(Ivanhoe Newswire) -- Gene therapy has been shown to have positive
effects in rat models of pulmonary arterial hypertension (PAH), a
life-threatening disease in which pressure in the blood vessels of the lungs
increases, causing a back-pressure strain on the heart.
In inherited forms of the disease, PAH is caused by a mutation in a receptor
called bone morphogenetic protein receptor, type II (BMPR2). Even in some
non-inherited forms of the disease, BMPR2 levels are low, according to
researchers at the University of Adelaide in Australia, who conducted the
There have been many improvements in PAH treatment in recent years, but many
patients still ultimately die of the disease, thus new treatments are still
"We investigated whether increasing BMPR2 levels might improve pulmonary
hypertension,” principal investigator Paul Reynolds, M.D., Ph.D, FRACP, was
quoted as saying. “We used two rat models of pulmonary hypertension, and
increased BMPR2 levels in the lungs using a gene therapy approach. We found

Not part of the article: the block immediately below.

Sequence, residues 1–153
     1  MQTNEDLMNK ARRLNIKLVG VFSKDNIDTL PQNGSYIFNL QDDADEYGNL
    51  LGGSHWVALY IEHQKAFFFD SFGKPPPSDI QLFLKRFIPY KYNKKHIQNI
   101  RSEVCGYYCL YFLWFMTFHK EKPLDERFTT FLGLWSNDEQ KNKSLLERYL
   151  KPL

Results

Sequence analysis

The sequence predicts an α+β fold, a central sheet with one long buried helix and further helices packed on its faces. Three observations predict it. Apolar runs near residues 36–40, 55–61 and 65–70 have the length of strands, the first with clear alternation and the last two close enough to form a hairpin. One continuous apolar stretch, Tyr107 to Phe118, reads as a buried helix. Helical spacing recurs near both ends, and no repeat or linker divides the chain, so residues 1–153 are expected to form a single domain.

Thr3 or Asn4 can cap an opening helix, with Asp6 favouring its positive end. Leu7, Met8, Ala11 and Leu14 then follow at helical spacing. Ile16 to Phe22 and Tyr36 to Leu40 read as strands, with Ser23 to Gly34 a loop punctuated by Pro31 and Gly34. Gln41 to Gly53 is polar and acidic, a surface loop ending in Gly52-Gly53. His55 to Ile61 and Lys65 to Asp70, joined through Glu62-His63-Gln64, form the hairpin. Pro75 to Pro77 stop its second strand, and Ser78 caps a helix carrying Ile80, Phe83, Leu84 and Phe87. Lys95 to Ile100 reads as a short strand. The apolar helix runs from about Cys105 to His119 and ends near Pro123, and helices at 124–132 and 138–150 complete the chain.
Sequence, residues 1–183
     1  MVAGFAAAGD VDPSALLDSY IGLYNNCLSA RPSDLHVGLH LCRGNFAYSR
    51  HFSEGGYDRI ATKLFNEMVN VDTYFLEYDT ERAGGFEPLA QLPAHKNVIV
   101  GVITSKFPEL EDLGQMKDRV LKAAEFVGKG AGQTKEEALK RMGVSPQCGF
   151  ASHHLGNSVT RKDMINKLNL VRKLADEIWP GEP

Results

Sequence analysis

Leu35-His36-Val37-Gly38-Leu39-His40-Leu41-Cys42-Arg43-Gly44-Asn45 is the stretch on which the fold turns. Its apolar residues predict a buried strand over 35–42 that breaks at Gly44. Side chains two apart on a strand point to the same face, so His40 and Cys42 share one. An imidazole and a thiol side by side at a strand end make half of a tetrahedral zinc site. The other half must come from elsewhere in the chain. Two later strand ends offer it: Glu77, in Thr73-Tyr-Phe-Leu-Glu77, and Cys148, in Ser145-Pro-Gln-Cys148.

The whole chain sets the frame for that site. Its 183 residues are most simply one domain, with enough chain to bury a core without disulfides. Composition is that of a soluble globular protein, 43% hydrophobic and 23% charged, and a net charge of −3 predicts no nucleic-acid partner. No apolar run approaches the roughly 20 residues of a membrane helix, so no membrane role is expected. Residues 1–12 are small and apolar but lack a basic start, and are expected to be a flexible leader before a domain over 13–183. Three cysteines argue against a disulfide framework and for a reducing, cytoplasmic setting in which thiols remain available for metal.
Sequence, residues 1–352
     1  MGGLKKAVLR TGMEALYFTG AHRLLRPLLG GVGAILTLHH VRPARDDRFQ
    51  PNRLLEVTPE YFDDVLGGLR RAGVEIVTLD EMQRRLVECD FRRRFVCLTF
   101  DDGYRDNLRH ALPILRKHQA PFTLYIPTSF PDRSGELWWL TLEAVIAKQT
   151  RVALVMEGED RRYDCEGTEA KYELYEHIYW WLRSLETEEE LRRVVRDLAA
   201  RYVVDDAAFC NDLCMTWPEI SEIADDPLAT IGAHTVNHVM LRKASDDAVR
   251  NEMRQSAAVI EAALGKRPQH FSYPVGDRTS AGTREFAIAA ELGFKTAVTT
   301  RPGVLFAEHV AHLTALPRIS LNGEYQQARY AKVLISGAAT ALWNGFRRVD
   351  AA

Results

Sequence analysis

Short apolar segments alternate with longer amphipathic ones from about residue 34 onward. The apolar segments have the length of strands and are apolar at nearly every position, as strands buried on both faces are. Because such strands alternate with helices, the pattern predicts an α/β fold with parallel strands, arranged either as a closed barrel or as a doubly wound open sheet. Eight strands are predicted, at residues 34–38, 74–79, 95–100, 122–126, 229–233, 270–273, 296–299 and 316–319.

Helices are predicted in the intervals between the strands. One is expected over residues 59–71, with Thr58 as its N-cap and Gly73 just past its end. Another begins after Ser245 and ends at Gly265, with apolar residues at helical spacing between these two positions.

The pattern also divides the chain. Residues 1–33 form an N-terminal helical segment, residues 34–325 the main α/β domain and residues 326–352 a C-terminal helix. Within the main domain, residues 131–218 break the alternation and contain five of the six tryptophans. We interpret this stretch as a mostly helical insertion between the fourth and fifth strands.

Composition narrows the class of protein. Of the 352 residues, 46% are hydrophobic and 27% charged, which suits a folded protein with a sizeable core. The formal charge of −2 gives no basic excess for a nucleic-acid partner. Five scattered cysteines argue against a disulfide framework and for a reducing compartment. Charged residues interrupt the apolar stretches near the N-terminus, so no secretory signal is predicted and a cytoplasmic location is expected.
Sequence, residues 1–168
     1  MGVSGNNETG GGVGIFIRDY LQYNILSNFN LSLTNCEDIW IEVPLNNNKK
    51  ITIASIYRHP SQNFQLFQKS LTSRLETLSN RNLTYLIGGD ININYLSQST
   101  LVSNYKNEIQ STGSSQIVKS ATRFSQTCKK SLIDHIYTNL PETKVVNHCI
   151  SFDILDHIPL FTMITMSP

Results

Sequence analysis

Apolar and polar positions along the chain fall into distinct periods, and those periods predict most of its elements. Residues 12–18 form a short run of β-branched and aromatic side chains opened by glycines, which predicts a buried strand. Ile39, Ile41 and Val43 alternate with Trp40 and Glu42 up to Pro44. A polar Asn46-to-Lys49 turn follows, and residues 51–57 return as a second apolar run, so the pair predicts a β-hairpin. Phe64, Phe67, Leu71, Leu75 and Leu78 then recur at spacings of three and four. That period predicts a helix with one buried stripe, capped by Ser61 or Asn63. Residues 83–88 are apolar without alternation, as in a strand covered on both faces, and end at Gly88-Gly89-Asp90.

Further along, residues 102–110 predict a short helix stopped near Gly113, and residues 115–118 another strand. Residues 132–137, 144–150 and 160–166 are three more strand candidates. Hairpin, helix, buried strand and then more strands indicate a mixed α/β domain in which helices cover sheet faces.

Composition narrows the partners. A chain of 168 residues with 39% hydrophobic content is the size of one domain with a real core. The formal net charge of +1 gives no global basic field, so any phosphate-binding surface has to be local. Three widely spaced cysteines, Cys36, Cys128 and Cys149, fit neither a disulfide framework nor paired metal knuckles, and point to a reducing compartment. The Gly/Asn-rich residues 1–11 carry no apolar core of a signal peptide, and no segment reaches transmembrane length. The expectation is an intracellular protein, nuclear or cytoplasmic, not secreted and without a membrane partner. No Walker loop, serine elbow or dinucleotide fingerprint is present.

in both models that BMPR2 gene delivery significantly reduced pulmonary
hypertension and the strain it causes on the heart."
The researchers found that the rats that were treated with BMPR2 compared to
placebo had significantly reduced right ventricular hypertrophy, reduced
pulmonary vascular resistance, and improved cardiac output.
"These findings were based on the knowledge that low BMPR2 levels are
associated with pulmonary hypertension, but it has not previously been shown
that increasing BMPR2 levels might be used as a therapy," said Dr. Reynolds.
"This research strongly suggests that increasing BMPR2 levels might offer a
new therapeutic target in pulmonary hypertension."
SOURCE: Presented at the American Thoracic Society (ATS) 2010
International Conference, New Orleans, May 19, 2010